Happy New Year hockey fans! The Penguins held an extremely optional practice at the UPMC Lemieux Sports Complex in Cranberry Township this afternoon.
Marc-Andre Fleury, Ian Cole and Scott Wilson were the only players on the ice with goaltending coach Mike Bales. Birthday boy Patric Hornqvist joined them for a few minutes in tennis shoes, no pads and compression shorts to take a couple of shots on Fleury, celebrating when he buried one five-hole.
Defenseman Trevor Daley hit the ice in his warmups, skating and shooting around with his son to ring in the new year.
Ian Cole left the game after the second period of the Penguins’ 5-2 victory over the Detroit Red Wings last night and did not return. While he did practice this afternoon, his status for tomorrow night’s game against the New York Islanders is not confirmed.
“I’m going to talk to (head athletic trainer) Chris Stewart,” Cole said. “We’ll see tomorrow how everything is. Obviously I want to play every single game. I’m just trying to get back in there as soon as possible.”
On the goaltending front, head coach Mike Sullivan could not confirm Marc-Andre Fleury’s status for tomorrow.
“We’re going to see how he is,” Sullivan said. “I’ll talk to Mike Bales and Chris Stewart. We’ll go from there.”
Power Play Heating Up
The Penguins have scored on the man-advantage four times in four games since returning from the Christmas break. Sullivan offered some insight on the success.
“I think a lot of it has to do with our puck retrievals,” Sullivan said. “We hunt pucks when there are loose pucks and those 50-50 battles are critically important to having success. Usually teams are in vulnerable positions if we can win those pucks. We’ve scored a couple of goals in the last couple of games off of that very circumstance.”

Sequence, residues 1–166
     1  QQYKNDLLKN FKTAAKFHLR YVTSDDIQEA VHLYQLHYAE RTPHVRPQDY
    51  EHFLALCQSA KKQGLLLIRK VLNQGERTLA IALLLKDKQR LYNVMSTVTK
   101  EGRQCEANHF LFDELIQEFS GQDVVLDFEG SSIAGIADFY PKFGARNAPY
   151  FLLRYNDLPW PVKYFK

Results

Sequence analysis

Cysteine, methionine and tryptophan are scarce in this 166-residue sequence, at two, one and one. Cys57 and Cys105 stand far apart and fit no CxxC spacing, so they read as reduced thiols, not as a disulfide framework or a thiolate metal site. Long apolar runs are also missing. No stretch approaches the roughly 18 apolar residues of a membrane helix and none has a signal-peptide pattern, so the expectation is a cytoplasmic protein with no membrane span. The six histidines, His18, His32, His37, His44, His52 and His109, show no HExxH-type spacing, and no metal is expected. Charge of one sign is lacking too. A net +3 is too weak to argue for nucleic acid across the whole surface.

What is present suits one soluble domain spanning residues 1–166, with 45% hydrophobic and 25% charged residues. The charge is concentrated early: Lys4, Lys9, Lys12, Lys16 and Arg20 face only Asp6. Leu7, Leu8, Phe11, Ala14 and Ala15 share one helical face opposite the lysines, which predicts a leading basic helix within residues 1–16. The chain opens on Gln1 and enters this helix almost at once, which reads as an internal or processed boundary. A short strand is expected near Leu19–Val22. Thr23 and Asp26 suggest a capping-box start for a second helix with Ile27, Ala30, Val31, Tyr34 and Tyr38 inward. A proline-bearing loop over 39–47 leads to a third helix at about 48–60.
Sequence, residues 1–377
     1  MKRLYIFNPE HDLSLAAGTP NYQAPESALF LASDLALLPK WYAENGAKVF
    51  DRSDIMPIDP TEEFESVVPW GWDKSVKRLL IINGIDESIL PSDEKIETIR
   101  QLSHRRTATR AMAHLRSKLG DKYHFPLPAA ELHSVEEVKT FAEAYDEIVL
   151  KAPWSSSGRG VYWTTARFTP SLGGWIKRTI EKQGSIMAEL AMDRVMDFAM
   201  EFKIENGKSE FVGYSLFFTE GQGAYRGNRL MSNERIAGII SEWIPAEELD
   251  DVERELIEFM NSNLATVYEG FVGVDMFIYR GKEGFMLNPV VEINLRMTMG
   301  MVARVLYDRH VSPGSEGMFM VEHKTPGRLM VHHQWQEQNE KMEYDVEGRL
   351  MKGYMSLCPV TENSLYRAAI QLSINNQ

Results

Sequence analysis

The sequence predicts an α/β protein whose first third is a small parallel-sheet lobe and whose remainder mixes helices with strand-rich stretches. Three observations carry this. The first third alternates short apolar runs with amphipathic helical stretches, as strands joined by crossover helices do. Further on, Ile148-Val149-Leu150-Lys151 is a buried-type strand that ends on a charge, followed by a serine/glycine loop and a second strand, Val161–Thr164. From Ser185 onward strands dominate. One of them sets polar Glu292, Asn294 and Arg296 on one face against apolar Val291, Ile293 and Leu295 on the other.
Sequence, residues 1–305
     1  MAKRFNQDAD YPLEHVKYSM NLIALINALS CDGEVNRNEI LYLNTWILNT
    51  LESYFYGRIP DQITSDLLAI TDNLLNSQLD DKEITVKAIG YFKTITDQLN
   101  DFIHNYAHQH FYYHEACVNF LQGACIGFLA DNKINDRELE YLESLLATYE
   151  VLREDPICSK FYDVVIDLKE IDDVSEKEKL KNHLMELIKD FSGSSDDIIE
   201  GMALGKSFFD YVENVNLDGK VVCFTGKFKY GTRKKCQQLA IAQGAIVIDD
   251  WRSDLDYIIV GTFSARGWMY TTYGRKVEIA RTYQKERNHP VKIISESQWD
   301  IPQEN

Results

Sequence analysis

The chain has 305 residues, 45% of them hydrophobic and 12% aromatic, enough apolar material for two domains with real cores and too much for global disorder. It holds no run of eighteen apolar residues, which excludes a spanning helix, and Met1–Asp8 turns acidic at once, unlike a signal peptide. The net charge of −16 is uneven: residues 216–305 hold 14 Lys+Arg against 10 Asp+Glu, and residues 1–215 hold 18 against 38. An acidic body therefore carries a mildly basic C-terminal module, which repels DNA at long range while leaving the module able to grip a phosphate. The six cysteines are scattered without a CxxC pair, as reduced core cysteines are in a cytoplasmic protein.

System adjustments aside, Sullivan tips his cap to the players for stepping up and putting themselves in positions to make the most of their power-play chances.
“For me it’s a credit to the players,” Sullivan said. “The guys that are out there, I think they’re playing hard. I think they’re buying into those specific areas that we’ve asked them to buy into and they’re getting rewarded for it. I think to their credit they’ve done a really good job. They’ve had success as of late.”
In their last four games, Sidney Crosby (3G-2A), Evgeni Malkin (1G-3A) and Kris Letang (2G-2A) have stepped up in all aspects of the game. Sullivan has stressed that he doesn’t want to “take the stick out of the players’ hands,” but there is still a balance those players need to find.
“In my experience of being around the elite players in the game, they see the game differently than everybody,” Sullivan said. “That’s what makes them as good as they are. I don’t ever want to get in the way of that as a coach. I think it’s important that we give them the latitude to act on their instincts. That’s when they’re at their best.
“I’m trying to define that line for them where they can’t just try to make plays all the time. We have to recognize areas of the rink where potential danger may occur. For example, I talked to them about the top half of the offensive zone. We don’t want to play one-on-one hockey there. We want to look to play two-on-one. If it results in a one-on-one circumstance, that might be instance where we move the puck and we don’t try to challenge a stick or we don’t try to challenge a one-on-one in that area of the rink because it’s a dangerous area. That’s an example of just some rules of thumb that we’ve tried to give our guys.”